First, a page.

Media love can be fickle. For example, take the medical-testing startup Theranos. In 2015, was being called the most innovative health company valued at $9 billion, with its founder the youngest, female billionaire in America. Now it’s a dark tale of “what not to do” in business.
When you are on the rise, they love to cover you. However, they also will get the story of your downfall. Media was just as quick to turn on them as they were to prop them up once it was revealed that they weren’t upright and forthcoming in the beginning. The major takeaway: Don’t oversell. Be honest about your business and what it has to offer.
However, even if you are a responsible company that does everything “by the book”, negative publicity can pop up. Whether it is dealing with a negative customer experience, a product recall, data breach, or an employee ethics scandal, every business needs to be prepared for the media backlash. Otherwise, the negative press could do irreparable damage and put you out of business for good. No business, is immune to the effects of negative media.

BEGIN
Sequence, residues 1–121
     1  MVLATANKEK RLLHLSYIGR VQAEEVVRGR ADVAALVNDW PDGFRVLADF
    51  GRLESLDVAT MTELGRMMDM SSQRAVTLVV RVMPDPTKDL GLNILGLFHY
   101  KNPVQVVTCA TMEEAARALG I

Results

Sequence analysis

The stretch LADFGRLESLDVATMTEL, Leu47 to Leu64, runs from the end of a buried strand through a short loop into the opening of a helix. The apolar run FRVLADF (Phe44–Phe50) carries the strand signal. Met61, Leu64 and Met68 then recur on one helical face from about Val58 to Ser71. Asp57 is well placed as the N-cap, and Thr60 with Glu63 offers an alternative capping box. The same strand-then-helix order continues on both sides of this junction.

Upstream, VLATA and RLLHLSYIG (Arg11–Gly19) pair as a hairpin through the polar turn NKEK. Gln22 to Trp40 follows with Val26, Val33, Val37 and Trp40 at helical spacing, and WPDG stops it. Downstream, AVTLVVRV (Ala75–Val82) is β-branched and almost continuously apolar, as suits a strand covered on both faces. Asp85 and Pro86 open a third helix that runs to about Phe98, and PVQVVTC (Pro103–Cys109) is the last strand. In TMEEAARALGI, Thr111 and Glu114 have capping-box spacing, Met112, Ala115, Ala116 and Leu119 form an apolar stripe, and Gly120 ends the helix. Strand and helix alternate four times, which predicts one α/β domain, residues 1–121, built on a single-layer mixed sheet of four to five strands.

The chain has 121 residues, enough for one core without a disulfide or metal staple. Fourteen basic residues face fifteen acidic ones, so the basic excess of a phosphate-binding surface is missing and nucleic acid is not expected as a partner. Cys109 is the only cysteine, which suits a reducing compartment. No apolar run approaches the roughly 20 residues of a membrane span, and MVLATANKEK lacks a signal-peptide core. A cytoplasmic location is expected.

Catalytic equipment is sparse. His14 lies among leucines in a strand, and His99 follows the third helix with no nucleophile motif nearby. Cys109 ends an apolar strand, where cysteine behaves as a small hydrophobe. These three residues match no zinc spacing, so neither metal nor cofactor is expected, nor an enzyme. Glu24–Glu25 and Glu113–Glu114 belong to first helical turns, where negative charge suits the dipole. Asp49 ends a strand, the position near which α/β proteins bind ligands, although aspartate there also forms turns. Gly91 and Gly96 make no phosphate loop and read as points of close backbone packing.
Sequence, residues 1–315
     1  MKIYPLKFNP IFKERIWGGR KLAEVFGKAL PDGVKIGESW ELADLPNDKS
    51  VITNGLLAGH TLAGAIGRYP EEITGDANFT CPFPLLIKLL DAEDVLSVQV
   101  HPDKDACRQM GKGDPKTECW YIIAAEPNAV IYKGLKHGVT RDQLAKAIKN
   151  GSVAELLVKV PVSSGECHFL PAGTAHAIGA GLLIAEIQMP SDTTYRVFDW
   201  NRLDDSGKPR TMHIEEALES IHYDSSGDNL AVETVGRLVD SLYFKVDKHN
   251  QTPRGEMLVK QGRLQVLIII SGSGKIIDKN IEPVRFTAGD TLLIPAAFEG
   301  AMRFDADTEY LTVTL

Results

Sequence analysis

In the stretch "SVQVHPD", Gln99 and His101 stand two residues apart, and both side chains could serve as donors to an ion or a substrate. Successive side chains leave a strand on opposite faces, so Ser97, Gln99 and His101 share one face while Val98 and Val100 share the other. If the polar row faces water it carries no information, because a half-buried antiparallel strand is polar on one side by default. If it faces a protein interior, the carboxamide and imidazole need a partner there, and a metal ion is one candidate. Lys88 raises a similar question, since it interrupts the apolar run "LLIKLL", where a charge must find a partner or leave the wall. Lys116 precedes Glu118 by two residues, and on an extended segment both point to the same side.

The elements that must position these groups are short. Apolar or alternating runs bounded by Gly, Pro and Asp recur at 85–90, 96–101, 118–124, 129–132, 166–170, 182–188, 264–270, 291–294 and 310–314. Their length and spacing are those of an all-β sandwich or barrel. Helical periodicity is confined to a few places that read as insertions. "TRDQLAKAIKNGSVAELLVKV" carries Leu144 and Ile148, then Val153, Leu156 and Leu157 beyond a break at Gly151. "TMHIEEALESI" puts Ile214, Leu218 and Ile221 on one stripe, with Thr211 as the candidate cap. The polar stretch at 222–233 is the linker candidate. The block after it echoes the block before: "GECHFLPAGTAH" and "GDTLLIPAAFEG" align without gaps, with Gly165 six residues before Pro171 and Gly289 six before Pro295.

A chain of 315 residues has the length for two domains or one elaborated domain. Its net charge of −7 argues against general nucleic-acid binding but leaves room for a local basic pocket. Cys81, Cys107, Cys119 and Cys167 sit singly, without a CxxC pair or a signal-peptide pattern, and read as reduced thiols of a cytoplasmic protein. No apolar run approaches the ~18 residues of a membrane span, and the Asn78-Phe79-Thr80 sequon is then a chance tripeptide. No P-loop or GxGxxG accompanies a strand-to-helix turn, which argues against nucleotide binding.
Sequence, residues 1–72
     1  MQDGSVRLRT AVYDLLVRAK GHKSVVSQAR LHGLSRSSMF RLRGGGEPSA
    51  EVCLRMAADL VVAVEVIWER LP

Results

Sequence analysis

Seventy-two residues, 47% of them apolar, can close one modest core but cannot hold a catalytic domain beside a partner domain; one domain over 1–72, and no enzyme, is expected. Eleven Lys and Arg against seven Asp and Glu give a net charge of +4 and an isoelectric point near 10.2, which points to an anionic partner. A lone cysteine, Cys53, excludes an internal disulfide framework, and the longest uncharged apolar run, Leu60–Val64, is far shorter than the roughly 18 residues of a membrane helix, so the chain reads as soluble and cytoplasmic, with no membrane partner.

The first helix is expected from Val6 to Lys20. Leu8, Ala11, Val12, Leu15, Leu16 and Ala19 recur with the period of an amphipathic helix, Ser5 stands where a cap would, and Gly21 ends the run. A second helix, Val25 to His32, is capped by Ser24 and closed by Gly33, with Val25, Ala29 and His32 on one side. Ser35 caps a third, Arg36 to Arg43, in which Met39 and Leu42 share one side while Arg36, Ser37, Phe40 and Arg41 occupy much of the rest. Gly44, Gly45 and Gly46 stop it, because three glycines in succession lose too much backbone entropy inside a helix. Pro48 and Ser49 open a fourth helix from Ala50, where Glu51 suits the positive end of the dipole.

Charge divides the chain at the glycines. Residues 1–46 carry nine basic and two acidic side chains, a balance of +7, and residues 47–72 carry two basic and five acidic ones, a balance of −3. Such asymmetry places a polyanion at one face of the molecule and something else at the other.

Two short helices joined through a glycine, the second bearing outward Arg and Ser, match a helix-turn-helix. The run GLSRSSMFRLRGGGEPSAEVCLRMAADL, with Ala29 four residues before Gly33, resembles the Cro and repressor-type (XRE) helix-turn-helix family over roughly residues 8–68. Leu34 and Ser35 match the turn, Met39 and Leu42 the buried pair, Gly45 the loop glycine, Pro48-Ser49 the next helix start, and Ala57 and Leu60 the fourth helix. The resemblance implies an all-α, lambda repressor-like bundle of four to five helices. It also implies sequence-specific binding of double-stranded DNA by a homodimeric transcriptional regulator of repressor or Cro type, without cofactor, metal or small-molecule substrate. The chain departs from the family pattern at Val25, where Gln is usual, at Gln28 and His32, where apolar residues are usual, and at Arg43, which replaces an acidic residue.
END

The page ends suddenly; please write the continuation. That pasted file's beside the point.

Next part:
Seaworld’s profits tanked 84% after the “Blackfish” documentary release (and it’s still associated with animal cruelty and a bad reputation).
Plagued by the indecent behavior of its now former CEO Dov Charney and even more questionable labor practices and marketing, American Apparel became a retail pariah in major media outlets. It has never recovered, and this year, a bankruptcy court bought out the retailer for just $88 million.
Uber is in a major media storm after the sexual harassment scandal involving many high-level executives (not to mention lawsuits and other issues). The bad publicity reportedly sliced off as much as $10 billion off its market value, and led to investors booting out CEO Travis Kalanick.
At 10twelve, we take the approach of preparing are customers for both the good and bad times. Although we hope those bad times never come, taking the steps to prevent them and to plan ahead when they do is key. Here’s what businesses need to know to handle negative press:
1. Address it early on.
Don’t let a minor issue become a full-fledged company scandal. Businesses really need to get out in front of a problem before it gains momentum. Set Google alerts. Monitor discussion forums and social media. Take all the necessary measures to make sure that you are monitoring the conversations around your brand and protecting its reputation. The sooner you know about an issue, the faster you can resolve it.